A ballot on the proposed radioactive nuclear waste management facility on SA's Eyre Peninsula - has been returned with a majority of the community voting in support of a national waste dump.
Early last month, the Australia Electoral Commission sent out 745 ballot papers with the question, “do you support the proposed National Radioactive Waste Management Facility being located at one of the nominated sites in the community of Kimba?”
The ballot returned yesterday with 452 yes votes (61.58 per cent) and 282 no votes (38.42 per cent).
When the ballot was first sent out, the Barngarla Determination Aboriginal Corporation said it would still challenge the result in Federal Court early next year, because the ballot excluded Native Title holders in the region.
Talking to NITV News on Friday, Barngarla traditional owner, Linda Dare said her people were excluded from the ballot because they did not live in Kimba.
“Just because I live in Port Augusta and not Kimba, doesn’t mean I don’t care what happens,” said Ms Dare
“We still go there. We got native title there and practice culture there and because none of us are living there, we got no say there.”
“The government has got to understand that when you get native title, the land belongs to the traditional owners,” she said.
In a statement, Resources Minister Matt Canavan said the results showed a “clear level of support” for the proposal from “eligible participants.”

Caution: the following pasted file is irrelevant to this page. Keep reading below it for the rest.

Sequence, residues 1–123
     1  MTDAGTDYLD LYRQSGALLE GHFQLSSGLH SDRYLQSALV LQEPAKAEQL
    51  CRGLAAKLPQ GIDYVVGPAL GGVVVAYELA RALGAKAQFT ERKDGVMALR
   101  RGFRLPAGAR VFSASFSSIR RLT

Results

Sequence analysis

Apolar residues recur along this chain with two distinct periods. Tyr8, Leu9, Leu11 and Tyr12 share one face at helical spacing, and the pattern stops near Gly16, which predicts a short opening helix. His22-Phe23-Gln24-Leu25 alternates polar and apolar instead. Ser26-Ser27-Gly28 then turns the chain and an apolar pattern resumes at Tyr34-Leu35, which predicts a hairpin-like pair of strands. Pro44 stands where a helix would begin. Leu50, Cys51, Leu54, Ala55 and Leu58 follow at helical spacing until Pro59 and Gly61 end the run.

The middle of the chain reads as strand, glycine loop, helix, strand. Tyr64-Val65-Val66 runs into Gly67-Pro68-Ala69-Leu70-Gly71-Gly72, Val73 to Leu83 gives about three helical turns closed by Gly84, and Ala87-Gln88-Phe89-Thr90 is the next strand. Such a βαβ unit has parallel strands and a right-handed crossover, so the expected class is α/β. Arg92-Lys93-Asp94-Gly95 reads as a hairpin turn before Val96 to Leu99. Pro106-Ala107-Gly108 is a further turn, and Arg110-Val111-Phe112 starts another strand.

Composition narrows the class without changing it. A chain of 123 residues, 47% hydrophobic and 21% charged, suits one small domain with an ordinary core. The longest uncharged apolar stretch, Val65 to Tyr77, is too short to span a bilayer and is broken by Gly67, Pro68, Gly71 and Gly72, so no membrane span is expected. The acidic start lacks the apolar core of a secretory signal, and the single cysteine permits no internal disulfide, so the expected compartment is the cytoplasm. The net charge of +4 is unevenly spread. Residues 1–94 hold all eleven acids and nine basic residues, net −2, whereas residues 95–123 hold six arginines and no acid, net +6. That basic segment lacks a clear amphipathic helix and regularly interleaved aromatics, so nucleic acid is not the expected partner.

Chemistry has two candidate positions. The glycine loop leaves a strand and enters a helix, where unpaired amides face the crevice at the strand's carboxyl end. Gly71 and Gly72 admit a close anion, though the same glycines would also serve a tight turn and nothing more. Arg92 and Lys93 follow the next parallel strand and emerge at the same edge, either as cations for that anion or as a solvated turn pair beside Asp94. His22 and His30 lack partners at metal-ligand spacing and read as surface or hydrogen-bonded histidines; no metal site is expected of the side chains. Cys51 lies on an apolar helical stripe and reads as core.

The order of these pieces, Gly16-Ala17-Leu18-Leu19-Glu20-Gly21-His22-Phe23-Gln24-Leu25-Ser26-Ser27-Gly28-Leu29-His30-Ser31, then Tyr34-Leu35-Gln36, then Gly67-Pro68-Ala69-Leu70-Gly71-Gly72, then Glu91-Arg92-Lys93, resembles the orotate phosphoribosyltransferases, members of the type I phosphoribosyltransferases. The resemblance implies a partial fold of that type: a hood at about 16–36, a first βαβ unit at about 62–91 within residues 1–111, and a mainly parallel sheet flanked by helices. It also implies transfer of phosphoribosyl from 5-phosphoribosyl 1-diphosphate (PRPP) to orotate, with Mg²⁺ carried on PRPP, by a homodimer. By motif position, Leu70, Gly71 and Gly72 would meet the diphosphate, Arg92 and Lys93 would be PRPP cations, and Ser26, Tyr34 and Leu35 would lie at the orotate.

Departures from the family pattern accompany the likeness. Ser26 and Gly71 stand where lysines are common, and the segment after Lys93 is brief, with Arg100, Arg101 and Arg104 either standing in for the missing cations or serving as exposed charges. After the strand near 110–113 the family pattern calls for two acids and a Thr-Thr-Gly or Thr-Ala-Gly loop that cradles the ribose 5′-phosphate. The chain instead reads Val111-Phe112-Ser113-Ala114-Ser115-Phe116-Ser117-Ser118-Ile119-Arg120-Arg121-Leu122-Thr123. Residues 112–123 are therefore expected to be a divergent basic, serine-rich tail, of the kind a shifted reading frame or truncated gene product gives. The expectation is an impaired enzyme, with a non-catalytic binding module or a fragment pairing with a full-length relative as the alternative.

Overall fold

Meanwhile, the Barngarla Determination Aboriginal Corporation have conducted a separate ballot through an independent company and wanted the results to be included in the official result.
Second ballot to start on Adnyamathanha land next week
260 kilometres east of Kimba on Adnyamathanha country in the Flinders Ranges, is the township Hawker, where a second vote for another proposed site will start on Monday.
The second proposed site has also been opposed by the traditional owners, the Adnyamathanha people, who say the Federal Government damaged a sacred women's site whilst conducting a cultural heritage survey.
“I will consider these results alongside other indicators of community support and technical information about the site, once the Flinders Ranges Council ballot is complete later this year,” said Minister Canavan.
In a statement, the District Council of Kimba said it was “delighted that more than 90 per cent of those eligible” participated in the vote for one of the two “voluntarily” nominated sites.
Minister Canavan will make a decision on whether the facility will proceed in Kimba once the second ballot is completed for communities near Wallerberdina Station in December.
“Other indicators of community sentiment include results from neighbor and local business surveys which will be undertaken over November and December, and submissions, which remain open to anyone with an interest, no matter where they live,” he said.